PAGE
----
For typing however, it definitely takes some getting used to. The additional G-Keys down the side are fantastic in-game, but for every day use, they became more of a hassle than anything causing me to actually program the keys identical to their adjacent ones so I didn’t end up missing keys while typing. That’s not to say you can’t get used to the keys, it just takes a little time to do so.

The Logitec G910 is built for gaming, it’s as simple as that. It has programmable keys, custom lighting configurations, and gaming profiles to suit any avid gamer. Even the keys themselves are designed so that your fingers rest comfortably in the centre. One thing the keyboard really isn’t built for is every day use. The concave key design, while comfortable in first person shooters and the like, is also a pain while typing as you’ll often catch your fingers on the raised edges. As mentioned before, the key layout is much tigher, which is great for reaching far away keys, but not too great for those of us used to much larger keyboards while typing.

That’s not to say that I dislike the Logitech G910 because when it comes to gaming, it’s fantastic. It’s also really quiet too, despite being a mechanical keyboard, which is definitely a plus for me and those who work and live around me, but I know for some, a Mechanical Keyboard needs to have that telltale click. Compared to membrane keyboards however, the G910 is a silent assassin.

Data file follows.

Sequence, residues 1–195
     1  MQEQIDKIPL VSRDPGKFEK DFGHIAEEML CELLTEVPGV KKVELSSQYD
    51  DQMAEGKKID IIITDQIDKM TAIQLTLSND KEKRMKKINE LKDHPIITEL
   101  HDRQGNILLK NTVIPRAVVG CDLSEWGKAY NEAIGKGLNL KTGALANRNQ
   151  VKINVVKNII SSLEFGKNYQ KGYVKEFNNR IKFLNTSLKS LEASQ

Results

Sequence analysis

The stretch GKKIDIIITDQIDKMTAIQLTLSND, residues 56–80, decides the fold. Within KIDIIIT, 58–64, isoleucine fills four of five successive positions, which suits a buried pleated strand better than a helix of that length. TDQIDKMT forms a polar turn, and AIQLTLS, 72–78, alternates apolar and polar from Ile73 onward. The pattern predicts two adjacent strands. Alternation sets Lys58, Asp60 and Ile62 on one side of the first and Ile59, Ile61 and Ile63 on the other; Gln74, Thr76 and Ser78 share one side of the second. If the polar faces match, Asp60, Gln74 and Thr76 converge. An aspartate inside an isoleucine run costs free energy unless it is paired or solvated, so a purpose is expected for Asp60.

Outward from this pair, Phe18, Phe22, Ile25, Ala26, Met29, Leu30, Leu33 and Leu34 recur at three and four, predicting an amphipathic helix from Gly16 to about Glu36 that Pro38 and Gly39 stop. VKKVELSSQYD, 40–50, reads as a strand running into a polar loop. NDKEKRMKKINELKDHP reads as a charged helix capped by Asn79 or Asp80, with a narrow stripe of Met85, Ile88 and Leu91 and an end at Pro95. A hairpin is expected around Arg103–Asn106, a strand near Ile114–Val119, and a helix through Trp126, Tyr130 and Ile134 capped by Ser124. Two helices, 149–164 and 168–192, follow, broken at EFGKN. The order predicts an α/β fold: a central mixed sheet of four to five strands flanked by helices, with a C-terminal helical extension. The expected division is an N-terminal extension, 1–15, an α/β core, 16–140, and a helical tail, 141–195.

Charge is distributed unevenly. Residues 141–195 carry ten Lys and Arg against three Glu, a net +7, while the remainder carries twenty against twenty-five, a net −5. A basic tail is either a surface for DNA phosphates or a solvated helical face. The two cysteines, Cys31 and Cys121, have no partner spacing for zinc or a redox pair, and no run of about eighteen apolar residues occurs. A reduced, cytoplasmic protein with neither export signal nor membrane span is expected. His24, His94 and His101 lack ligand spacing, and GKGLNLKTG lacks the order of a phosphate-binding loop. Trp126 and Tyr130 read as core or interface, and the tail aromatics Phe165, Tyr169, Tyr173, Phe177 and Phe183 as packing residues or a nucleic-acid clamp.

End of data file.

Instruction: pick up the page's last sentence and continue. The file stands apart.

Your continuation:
As for gaming, I really enjoy using the Logitech G910. Everything I mentioned above as a potential problem becomes a potential solution to many problems in video games, especially when it comes to custom configurations. Rainbow Six Siege was one of the games in which its keyboard layout is a cluster fuck, with the G910, those problems go away as you can program all 9 of the custom G-Keys to do whatever you want, something I’ve definitely made the most of.

One of the other great things about the G910 is the custom key lighting configurations. You can choose a number of profiles including a series of lightshows, showing off the keyboard’s 16.8 million colours, or you can set it to a single solid colour. You can also set it so that only a certain number of keys light up.